> getting to know it from many perspectives, was a crucial part of her life.
> I invited Ana Maria to be a featured guest on empyre with Regina, Jorge,
> Alexandre some months ago. She had told me earlier of her bad health and
> surgery, but I was not clear on how bad it was. She did not want others to
> be told that she was ill, and it seemed by her reticence about her health
> that it was quite bad indeed. She eventually declined the invitation
> of her health and told me that she "could not make plans for March."
> Ana Maria loved to travel. She spent considerable time in India and
> through Asia and the Americas. I recall that during the time war was
> publicized as an immanent possibility between Pakistan and India over
> Kashmir, Ana Maria was travelling in or near Kashmir and sent posts to the
> webartery list describing the holidaying and enjoyment going on in the
> where war was apparently the last thing on peoples' minds and considered
> be a barely existent possibility. "Things sometimes look worse from far
> away" she said. Hers was a very close look into poetry.
> Her poetry, her correspondence, and her massive assistance with
> into Spanish of the entire Paris Connection project we worked on together
> last year, and her encouragements remain with me amid her extrordinary
> of letters. Her work spans thirty five years of thinking and feeling and
> living through visual and, latterly, digital language and poetry.
> There is a mirror of her work on my site at . I
> like to add to this mirror writing about her work and any work that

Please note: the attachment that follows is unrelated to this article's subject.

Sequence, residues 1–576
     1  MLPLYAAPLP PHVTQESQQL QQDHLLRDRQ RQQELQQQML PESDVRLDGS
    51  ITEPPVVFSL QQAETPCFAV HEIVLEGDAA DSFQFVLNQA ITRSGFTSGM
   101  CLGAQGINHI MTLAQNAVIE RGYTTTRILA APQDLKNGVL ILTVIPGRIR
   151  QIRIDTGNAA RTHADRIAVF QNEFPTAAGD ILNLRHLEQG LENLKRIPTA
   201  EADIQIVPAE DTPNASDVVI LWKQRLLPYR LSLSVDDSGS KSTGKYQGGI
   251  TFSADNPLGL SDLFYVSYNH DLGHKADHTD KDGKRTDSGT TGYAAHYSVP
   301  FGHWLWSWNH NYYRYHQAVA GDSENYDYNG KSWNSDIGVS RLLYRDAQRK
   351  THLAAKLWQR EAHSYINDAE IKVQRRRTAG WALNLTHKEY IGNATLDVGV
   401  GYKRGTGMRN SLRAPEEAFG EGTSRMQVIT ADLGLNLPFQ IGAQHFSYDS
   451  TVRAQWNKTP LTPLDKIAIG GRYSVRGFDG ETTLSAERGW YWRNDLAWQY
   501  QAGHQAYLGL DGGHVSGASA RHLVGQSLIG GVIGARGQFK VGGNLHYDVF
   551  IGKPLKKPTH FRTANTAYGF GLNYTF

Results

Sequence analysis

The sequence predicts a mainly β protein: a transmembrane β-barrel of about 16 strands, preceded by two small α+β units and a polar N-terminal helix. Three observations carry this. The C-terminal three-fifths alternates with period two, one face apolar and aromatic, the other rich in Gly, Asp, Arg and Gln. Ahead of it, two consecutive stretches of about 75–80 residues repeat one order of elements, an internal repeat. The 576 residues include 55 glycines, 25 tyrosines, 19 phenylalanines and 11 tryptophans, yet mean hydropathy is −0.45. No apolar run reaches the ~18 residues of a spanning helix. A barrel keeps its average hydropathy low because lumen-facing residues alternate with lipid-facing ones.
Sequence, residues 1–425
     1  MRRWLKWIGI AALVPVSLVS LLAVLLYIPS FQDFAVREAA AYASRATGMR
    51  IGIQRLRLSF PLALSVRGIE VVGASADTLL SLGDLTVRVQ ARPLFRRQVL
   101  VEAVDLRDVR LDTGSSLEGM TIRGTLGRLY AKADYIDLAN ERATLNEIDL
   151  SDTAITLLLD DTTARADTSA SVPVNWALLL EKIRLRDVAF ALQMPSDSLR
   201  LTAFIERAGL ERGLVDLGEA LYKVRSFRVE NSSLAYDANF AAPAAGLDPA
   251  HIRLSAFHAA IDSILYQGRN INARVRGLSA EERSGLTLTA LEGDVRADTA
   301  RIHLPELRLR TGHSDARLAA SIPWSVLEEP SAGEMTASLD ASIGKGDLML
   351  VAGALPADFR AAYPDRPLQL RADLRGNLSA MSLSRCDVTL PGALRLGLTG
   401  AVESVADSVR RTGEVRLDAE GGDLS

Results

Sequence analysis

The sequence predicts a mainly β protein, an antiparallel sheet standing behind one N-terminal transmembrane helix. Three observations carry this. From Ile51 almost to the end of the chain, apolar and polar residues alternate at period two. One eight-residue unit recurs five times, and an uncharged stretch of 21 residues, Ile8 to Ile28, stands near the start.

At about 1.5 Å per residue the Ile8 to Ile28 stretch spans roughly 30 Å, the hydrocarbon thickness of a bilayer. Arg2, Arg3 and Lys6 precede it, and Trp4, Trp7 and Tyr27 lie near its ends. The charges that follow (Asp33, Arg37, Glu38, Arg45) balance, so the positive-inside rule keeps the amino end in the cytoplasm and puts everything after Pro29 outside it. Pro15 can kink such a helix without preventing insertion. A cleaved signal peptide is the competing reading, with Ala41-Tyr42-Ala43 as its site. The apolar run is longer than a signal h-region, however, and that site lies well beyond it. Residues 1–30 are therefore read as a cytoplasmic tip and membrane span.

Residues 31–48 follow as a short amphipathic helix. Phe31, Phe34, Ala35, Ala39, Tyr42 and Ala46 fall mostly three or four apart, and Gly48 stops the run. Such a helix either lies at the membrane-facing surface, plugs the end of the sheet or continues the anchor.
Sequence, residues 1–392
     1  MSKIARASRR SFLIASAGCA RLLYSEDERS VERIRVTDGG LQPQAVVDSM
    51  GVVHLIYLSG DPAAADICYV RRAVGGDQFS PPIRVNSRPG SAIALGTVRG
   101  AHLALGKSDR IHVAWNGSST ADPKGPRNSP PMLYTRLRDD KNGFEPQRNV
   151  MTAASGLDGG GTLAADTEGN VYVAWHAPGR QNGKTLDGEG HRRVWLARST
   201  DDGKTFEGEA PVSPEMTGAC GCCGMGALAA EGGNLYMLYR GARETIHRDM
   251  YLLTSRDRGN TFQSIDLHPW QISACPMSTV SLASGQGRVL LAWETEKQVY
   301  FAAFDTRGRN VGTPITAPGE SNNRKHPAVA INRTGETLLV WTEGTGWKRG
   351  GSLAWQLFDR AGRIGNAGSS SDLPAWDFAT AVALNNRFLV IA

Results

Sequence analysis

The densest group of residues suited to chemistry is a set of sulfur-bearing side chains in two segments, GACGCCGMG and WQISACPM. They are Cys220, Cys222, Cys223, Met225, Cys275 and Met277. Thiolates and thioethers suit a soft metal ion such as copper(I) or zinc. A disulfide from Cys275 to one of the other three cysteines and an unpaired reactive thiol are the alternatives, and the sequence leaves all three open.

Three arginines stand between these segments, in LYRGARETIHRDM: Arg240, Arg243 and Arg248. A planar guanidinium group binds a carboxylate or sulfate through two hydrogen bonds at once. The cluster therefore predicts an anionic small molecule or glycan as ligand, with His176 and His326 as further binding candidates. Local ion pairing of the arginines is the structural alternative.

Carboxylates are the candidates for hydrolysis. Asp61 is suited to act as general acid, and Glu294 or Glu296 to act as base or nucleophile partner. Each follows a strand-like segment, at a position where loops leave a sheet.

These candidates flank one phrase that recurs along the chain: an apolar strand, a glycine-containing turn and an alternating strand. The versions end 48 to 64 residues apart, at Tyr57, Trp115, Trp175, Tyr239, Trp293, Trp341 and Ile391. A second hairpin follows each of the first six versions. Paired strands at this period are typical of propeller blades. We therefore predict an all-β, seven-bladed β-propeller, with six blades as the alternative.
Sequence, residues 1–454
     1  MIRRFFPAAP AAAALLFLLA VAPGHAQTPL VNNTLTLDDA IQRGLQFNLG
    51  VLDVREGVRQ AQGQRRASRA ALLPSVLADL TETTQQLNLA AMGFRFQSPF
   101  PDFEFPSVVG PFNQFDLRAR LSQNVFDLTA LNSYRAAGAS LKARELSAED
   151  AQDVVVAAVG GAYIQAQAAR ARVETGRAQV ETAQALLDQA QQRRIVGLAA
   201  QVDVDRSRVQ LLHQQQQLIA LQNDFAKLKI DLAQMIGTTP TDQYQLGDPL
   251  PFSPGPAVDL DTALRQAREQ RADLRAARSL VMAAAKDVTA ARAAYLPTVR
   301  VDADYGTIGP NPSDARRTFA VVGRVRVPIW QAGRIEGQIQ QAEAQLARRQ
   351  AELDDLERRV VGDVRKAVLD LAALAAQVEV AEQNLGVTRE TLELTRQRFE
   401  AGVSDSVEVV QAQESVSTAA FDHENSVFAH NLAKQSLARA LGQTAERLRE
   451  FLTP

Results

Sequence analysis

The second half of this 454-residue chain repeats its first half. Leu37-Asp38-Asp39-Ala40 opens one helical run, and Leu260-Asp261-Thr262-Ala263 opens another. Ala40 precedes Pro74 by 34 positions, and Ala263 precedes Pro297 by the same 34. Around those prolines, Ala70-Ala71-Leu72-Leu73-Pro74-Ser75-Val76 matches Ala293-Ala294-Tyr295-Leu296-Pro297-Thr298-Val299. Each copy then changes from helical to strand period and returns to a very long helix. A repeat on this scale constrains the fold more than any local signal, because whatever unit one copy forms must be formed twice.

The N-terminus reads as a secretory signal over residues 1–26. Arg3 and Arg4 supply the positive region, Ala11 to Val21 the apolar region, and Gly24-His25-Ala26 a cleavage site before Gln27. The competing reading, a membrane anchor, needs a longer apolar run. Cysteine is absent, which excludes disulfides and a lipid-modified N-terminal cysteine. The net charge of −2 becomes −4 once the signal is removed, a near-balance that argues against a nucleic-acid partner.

> addresses hers. Please contact me if you know of such writing or works or
> wish to contribute to what will be an ongoing archive in this regard. If
> are familiar with her work and would like to write about it on empyre,
> please do so. As I mentioned, she had been invited to be featured this
> with Regina, Jorge, and aLe. It did not become evident to her until
> 8 that she could not.  One of the last emails I received from her was
> "Jim,
> Although three days ago I accepted your invitation to the empyre debate, I
> have had a lot of problems since then, and I will therefore have to
> it.
> My apologies to you all and I hope we may do some other collaboration in
> future.
> Besos and regards,
> Ana Maria"
> My heart goes out to Ana Maria and her family and friends. It is with deep
> regret that I inform you of her passing which I learned of last week from
> her brother Diego. Her work and influence remains, though, and it is with
> respect and admiration that I turn to experience her poetry again.
> ja
> ********************************
> Ana Maria's site:
> Ana Maria at
> Ana Maria at
> Ana Maria at Iowa Review:
> Ana Maria at BeeHive:
> Ana Maria at Inflect:
> An interview of Ana Maria by Jorge Luiz Antonio
> Ana Maria did all the translations into Spanish of all the work at
> David Daniels has done a visual poem about Ana Maria at
> _______________________________________________
> empyre forum

Nettime-lat mailing list